Spider silk microstructure found to have unique acoustic properties

Researchers have learned another thing about spider silk, and as with past discoveries, it may lead to the development of new materials for use among humans. This time around, a group of researchers from Rice University and beyond busied themselves with studying the microstructure of spider webs, doing so to learn how they transmit phonons — that is, quasiparticles of sound. As it turns out, spider silk possesses something called a phonon band gap.

Using this phonon band gap, the spider silk is able to block specific frequencies of phonon waves; this is a first as far as biological materials go, and is an exciting discovery because of the promise it holds for future synthetic materials based on it. These man-made materials could use the same basic structure to create materials for thermal and sound insulation, among other things; the materials could even be "tunable" to target specific frequencies.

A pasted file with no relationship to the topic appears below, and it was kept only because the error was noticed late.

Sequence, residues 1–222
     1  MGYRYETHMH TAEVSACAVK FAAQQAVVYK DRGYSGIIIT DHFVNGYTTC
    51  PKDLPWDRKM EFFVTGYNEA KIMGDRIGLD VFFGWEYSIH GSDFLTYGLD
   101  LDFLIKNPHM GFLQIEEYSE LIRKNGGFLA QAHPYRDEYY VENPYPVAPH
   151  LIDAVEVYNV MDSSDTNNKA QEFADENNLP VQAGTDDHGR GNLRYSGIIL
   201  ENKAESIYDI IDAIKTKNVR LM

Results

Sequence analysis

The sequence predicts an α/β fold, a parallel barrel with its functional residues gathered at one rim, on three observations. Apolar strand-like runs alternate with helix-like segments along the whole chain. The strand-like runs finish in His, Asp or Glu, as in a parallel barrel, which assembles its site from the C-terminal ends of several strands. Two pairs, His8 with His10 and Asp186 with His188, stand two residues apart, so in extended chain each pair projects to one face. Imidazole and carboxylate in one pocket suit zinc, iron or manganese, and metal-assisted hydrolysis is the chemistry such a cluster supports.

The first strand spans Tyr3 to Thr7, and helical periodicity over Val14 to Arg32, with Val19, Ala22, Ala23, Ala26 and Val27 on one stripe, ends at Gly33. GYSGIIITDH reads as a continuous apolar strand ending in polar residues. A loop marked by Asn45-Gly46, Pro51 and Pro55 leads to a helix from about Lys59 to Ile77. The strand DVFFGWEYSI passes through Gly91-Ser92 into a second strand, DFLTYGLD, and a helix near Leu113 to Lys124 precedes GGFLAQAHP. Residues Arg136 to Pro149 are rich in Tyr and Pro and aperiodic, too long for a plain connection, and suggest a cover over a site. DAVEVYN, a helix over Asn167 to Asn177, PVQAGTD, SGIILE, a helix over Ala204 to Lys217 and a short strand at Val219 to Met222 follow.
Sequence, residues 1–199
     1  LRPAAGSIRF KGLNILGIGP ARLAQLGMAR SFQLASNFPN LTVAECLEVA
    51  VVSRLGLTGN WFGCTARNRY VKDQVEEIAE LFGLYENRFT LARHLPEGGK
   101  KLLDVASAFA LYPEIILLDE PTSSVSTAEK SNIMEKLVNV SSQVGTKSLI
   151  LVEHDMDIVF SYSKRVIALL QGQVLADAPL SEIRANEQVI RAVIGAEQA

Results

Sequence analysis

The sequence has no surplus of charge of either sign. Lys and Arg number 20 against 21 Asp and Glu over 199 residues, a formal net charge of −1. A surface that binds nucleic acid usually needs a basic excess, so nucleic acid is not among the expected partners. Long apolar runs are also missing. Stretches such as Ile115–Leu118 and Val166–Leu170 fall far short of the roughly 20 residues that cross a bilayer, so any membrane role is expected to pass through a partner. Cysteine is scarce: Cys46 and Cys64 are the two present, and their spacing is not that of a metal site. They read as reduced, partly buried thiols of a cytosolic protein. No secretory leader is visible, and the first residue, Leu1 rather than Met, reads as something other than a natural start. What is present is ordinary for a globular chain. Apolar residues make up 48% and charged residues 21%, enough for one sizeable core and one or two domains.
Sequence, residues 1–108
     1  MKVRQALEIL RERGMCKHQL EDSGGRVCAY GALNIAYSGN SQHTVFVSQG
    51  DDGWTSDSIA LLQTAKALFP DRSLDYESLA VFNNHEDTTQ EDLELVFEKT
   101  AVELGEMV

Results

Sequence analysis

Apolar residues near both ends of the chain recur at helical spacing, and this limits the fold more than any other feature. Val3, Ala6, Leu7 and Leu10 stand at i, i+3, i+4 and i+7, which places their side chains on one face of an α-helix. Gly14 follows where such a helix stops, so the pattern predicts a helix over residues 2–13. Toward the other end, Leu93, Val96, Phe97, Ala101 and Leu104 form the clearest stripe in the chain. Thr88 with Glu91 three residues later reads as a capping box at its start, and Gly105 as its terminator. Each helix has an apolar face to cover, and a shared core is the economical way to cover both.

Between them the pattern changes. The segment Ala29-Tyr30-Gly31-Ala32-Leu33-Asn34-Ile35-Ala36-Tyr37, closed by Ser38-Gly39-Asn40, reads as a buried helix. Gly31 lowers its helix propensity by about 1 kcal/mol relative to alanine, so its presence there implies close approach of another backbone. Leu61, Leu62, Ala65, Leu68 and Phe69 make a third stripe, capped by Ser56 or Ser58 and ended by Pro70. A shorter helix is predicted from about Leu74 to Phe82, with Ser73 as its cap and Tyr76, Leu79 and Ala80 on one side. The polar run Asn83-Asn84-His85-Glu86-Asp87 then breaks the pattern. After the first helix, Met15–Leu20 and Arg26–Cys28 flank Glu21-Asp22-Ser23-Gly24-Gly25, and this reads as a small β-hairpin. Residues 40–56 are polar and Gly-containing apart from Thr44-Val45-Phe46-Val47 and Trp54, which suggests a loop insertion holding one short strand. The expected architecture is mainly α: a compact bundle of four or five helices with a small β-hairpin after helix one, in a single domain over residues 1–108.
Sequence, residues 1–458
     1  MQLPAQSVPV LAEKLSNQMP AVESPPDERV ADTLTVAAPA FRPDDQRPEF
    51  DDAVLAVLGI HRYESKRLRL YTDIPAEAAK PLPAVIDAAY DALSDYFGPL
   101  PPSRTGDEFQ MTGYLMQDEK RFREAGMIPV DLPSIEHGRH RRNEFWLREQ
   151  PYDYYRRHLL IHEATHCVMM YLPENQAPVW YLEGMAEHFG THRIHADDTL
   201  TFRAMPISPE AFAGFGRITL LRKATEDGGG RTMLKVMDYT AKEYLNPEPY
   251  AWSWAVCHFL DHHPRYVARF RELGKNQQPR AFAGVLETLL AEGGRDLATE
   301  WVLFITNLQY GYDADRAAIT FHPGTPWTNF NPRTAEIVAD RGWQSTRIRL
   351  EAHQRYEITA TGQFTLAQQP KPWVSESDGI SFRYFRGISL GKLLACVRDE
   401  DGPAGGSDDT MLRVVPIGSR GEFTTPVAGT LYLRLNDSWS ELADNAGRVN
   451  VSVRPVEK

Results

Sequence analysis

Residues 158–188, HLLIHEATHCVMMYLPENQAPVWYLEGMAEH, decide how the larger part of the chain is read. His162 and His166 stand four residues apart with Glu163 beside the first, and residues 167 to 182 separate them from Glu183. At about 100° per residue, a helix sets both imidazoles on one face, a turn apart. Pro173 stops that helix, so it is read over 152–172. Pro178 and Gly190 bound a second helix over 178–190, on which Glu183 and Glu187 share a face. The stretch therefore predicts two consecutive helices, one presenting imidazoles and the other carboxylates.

Researchers aren't sure what spiders do with this silk property, though future research will likely lend clues. Scientists believe this structural property may adjust incoming sounds in such a way that the spider who made the web can understand them, gleaning information about nearby critters or events, bugs that have landed on its web, and more. As well, the structures could also help reduce sounds.

Depending on how greatly strained a piece of spider silk is, it will dampen specific auditory frequencies, only allowing certain sounds to make their way to the spider. Depending on how the silk is handling noises, it could also deal with thermal waves and, in some cases, focused hypersonic phonons.

SOURCE: ScienceDaily